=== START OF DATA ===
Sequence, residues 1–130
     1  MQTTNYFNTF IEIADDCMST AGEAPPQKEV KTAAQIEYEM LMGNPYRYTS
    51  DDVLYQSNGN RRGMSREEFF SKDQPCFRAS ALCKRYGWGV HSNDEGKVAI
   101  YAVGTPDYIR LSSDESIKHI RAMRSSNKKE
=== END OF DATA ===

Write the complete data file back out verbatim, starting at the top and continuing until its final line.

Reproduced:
Sequence, residues 1–130
     1  MQTTNYFNTF IEIADDCMST AGEAPPQKEV KTAAQIEYEM LMGNPYRYTS
    51  DDVLYQSNGN RRGMSREEFF SKDQPCFRAS ALCKRYGWGV HSNDEGKVAI
   101  YAVGTPDYIR LSSDESIKHI RAMRSSNKKE